|From:||"Gary H. Merrill" <gary.h.merrill@xxxxxxxxxxxxxx>|
|Date:||Fri, 19 Nov 2010 12:55:22 -0500|
Let me expand just a bit on part of Doug Foxvog's comment concerning applications of Cyc.|
>> You mentioned Cyc and its microtheories for interpreting each meaning
>> of a word. It doesn't seem to have worked, in that Cyc hasn't
>> gotten out of the public weal,
>> with contract work only, and only for research not for
>> practical applications.
> Cycorp has been much more focused on building the ontologies than on
> NLP. It has been used for practical applications for over a decade,
> for example by a pharmaceutical company.
In fact, In the late 90s and into the early 2000s Cyc was used by two major pharmaceutical companies and a large health insurance company. Although I used to manage the contract with Cycorp at GlaxoWellcome (and later GSK), I'm unsure of what the legal issues may be in disclosing details of some of this, but I feel able at this point to at least sketch the work that was done at GW and GSK. I in fact never could get the other large pharma company to disclose to me the area or manner in which they were applying Cyc, but my impression was that at least for a while they were devoting serious effort to this over a period of years.
At GW, starting in appoximately 1996/1997 Cyc was used to implement what was known as the "GlaxoWellcome Thesaurus Manager", a web-delivered application for managing and (to some degree) integrating several large commercial thesauri in the medical realm, providing both enhanced search and thesaurus editing and integration capabilities on the basis of Cyc microtheories and the Cyc representation of concepts and their relations to terms. I was quite heavily involved in this effort at virtually every level (from server configure and maintenance to debugging Cyc at the sublips level and consulting with the Information Management people who were the primary users and drivers of the application). After I left GSK in 2001 (for a year at Novartis), responsibility for that was transitioned to someone else, and ultimately (just a few years ago) the Thesaurus Manager was decommissioned. The major issue there was the lack of a clear vision (at GSK) for Thesaurus Manager use and the inability of the organization to support and fruitfully use such a tool in the changing corporate environment. There was never a problem with Cyc or its applicability in this case.
In 1999/2000 I worked with Diraj Pathak (then in GW Bioinformatics) to create a (at that time) sophisticated system for use by bioinformatics in protein research. This involved creating a microtheory specifically for that purpose (axiomatizing at least small portions of molecular biology and genetics), "importing" SwissProt into that microtheory, and providing enhanced search and knowledge discovery capabilities using Cyc's query and reasoning capabilities. This was delivered as a fully functioning prototype in 1999, but it never progressed beyond that stage because of what is best referred to as "instability" in the bioinformatics department at that point in time. Implementation of this system exposed a problem in using Cyc in such contexts for real-time knowledge exploration since its powerful reasoning capabilities tended to run into performance problems. Had I continued with the project, however, I would have taken a slightly different approach and off-loaded some of the capabilities to a traditional RDB, fundamentally using Cyc to generate the database that would be capable of responding more quickly to interactive user needs.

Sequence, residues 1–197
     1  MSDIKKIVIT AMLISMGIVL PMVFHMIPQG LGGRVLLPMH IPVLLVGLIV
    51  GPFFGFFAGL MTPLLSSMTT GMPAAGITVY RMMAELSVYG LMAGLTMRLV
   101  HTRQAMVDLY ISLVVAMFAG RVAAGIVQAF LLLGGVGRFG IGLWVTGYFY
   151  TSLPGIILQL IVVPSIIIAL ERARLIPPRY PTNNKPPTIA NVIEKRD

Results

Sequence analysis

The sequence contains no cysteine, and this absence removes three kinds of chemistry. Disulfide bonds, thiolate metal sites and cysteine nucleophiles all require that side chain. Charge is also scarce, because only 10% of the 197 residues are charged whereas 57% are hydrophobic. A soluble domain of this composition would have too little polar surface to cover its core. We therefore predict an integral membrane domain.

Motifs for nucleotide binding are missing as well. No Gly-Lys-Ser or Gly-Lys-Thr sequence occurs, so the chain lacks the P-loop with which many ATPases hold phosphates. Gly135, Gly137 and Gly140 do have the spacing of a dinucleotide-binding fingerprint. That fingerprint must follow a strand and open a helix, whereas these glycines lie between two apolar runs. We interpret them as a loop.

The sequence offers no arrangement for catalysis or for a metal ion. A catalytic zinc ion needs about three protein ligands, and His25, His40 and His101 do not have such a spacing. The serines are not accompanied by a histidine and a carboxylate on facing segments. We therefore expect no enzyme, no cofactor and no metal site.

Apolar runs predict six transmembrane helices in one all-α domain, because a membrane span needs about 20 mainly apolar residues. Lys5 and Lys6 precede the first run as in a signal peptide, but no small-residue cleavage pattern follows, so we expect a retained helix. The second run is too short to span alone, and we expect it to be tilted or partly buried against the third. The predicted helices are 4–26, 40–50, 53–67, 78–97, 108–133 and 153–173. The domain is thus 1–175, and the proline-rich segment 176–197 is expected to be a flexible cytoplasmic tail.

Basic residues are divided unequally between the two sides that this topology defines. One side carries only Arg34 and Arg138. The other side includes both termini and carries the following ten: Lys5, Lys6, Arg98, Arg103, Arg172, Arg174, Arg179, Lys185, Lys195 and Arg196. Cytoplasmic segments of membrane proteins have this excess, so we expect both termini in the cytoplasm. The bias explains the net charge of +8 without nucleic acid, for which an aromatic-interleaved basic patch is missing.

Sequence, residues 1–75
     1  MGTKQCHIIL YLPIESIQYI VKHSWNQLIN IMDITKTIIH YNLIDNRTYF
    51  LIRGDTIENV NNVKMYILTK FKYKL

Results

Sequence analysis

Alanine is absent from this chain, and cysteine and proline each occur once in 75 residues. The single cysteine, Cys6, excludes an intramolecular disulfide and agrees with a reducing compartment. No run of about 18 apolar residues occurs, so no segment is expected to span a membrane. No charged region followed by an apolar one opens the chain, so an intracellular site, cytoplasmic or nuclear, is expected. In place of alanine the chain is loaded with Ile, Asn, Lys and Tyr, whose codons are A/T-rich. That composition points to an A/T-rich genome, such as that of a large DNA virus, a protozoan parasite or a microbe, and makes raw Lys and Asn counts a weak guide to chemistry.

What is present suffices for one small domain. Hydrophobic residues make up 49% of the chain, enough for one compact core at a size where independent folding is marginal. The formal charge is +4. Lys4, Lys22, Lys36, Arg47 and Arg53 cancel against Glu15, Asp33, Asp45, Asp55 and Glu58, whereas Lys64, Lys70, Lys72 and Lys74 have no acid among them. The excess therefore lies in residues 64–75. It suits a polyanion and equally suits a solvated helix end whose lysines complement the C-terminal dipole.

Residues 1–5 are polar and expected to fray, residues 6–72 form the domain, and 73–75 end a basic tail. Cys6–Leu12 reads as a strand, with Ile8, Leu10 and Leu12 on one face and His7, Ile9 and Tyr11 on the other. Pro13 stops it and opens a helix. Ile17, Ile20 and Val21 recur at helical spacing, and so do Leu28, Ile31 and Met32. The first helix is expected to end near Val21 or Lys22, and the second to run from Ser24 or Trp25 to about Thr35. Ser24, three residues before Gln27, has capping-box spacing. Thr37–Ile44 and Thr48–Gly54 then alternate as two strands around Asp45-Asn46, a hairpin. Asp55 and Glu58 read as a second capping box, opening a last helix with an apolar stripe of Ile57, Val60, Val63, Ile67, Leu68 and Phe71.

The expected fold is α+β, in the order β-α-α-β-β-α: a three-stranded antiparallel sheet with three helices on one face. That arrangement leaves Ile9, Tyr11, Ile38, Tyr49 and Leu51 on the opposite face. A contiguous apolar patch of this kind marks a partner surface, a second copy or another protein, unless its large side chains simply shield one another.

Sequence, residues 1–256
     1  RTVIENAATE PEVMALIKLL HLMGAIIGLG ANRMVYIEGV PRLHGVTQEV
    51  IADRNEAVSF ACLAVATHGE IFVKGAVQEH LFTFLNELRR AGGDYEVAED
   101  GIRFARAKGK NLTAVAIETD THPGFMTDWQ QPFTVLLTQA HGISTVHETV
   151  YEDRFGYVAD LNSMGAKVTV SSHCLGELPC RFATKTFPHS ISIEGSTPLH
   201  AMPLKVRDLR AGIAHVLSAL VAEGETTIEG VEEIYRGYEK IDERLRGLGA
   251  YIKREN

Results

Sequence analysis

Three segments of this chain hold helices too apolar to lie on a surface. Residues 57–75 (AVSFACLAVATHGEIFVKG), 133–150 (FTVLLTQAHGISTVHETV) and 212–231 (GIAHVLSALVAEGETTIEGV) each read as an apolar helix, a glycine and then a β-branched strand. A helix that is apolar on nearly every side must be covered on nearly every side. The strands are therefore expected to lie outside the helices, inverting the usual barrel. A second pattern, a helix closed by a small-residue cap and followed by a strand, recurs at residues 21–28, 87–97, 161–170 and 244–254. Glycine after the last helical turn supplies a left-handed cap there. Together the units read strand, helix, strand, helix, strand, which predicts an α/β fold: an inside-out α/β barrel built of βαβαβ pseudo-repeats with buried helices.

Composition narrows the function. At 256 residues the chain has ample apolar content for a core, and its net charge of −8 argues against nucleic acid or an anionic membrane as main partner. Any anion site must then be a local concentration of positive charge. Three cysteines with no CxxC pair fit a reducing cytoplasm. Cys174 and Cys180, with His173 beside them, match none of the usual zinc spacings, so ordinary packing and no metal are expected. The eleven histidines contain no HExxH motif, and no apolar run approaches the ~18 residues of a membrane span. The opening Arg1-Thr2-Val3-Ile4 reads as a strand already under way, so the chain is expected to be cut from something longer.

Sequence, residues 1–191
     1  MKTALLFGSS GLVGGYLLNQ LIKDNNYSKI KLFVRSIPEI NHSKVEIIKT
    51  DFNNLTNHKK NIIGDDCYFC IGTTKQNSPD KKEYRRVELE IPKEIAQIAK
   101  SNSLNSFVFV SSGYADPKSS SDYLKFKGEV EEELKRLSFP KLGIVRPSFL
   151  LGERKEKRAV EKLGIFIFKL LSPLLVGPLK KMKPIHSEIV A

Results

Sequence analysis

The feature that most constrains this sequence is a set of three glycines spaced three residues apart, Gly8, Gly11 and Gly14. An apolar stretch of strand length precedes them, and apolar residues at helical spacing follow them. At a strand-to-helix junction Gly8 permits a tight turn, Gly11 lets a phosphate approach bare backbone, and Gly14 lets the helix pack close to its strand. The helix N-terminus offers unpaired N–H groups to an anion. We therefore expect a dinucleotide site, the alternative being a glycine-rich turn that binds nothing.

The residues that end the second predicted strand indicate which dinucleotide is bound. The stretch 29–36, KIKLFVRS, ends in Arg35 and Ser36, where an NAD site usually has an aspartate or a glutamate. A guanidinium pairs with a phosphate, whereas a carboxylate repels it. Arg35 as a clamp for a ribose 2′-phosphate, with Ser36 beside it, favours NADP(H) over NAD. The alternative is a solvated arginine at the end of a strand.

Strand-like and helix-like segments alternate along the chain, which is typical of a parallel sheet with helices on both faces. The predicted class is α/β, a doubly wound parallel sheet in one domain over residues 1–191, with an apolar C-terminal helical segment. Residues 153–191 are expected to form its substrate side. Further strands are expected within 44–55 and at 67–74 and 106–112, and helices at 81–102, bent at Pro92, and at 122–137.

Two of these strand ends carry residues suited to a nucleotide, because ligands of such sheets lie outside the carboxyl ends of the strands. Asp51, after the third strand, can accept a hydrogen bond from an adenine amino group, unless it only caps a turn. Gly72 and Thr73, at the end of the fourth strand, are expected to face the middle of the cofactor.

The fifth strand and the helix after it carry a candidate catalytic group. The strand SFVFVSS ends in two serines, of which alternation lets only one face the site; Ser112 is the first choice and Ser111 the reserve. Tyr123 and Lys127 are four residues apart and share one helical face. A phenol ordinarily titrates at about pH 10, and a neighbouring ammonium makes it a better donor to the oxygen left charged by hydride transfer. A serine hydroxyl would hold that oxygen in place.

I have a vague recollection that there were some minor and very high level descriptions of the Thesaurus Manager that were published or presented at conferences, and you can see it mentioned in some papers by folks at the University of Sheffield. The work on the bioinformatics application was never published.
Based on my experience, I believe that the microtheory approach is a fundamentally sound one (in effect, it is a model and environment that captures a modal logic or counterpart theory representation in a computational context), and it provides great flexibility in representing knowledge and in inferencing. I have had no experience with Cyc since 2000, but assume there have been some improvements of which I am unaware. And it is exemplary in maintaining such distinctions as word and object, intension and extension, metalanguage and object language.
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